Thursday, May 15, 2008

CO2 reforestation analysis, finally

i support reforestation. strongly. it is a good way to capture CO2, increase cloud cover, increase surface reflectivity, produce fresh water, give our wildlife a chance, reduce erosion, and generally pretty up the place. if managed properly, they can also be economically productive as places to grow mushrooms, hunt deer, watch birds, grow coffee, host ecotourists, and who knows what else.

yet, in CO2 policy and climate change circles, reforestation seems to receive comparatively little discussion. with the focus instead being on all kinds of idiotic carbon capture and sequestration technologies that don't presently have a chance of working and probably never will. these projects are quite nearly openly ridiculed in the energy industry publications. if the DOE didn't have billions of dollars to throw away on these boondoggles, they'd never get off the drawing board.

given this as my unabashedly biased perspective on things, you can imagine how happy i was to see that i'm not the only one talking (to myself) about reforestation. according to the study, if we returned the earth's forest cover to the level it was at in 1900 and managed the forests for optimal carbon capture, humanity's net carbon output would be zero. forever. they estimate that an extra tax of about .5 cents per kWh worldwide would be enough to finance the project. imagine if we returned forest cover to pre-industrial revolution levels.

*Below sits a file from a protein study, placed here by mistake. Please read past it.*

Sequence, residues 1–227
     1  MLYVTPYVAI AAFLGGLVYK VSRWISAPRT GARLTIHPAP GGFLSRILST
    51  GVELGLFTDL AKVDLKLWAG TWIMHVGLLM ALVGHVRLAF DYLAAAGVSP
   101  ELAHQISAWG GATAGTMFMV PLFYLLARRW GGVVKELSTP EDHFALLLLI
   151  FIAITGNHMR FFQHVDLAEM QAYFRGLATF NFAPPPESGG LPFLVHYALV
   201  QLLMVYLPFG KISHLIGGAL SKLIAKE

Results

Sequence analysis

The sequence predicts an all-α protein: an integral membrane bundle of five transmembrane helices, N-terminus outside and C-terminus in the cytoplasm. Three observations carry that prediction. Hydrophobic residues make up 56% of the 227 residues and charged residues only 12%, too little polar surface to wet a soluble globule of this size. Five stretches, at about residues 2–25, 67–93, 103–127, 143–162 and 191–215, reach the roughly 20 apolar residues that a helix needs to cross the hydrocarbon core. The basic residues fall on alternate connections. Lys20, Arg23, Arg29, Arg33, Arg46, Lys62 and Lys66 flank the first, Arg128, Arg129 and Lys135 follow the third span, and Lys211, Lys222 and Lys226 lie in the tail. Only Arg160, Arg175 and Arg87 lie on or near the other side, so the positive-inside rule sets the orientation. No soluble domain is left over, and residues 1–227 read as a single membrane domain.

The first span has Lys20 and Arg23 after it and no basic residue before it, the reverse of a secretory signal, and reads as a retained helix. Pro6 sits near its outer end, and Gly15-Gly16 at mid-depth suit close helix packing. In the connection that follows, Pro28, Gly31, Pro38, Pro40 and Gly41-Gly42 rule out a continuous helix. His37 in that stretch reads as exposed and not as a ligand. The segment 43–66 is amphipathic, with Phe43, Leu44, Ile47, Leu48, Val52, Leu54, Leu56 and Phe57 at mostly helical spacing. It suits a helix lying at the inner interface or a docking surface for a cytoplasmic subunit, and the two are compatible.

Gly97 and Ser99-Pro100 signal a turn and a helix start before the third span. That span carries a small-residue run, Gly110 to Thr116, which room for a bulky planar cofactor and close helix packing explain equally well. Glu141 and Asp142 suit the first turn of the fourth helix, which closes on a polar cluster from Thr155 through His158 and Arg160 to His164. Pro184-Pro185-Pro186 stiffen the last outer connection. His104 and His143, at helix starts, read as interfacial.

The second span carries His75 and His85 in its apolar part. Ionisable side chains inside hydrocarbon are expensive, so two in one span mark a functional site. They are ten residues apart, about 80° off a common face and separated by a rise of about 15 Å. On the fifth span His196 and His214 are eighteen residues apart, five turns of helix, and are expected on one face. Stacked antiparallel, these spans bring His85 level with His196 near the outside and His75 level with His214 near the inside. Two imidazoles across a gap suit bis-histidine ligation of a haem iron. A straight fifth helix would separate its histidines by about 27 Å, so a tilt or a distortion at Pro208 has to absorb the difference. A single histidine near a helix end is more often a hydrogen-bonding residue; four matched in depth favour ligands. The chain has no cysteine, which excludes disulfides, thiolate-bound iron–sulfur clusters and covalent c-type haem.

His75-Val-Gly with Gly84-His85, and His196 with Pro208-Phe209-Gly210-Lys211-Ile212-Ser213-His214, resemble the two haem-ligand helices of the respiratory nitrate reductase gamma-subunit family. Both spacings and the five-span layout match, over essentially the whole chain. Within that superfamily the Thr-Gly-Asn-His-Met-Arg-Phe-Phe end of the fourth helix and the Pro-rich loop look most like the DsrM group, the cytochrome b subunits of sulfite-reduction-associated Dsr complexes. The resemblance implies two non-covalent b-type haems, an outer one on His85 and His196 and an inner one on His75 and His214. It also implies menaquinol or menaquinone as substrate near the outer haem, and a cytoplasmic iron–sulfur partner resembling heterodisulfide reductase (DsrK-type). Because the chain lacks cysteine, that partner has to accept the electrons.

by "managed for optimal carbon capture" is meant that the trees have to be cut down periodically and removed from the carbon cycle. they suggest that the only way to accomplish this is by burying the trees. considering how long it takes products left in a landfill to decompose, i doubt that burying them would be necessary. converting them to furniture, houses, paper or just about anything other than fuel should slow the carbon's return to the atmosphere enough to be effective. seems to me.

for more of my thoughts on the matter, see the below links. the first and last are the most relevant.

how much is deforestation causing climate change?

bacteria (from forests) induce rain

quick analysis of a forest-based biofuel

trees help clean superfund sites

CO2 credits and agroforestry

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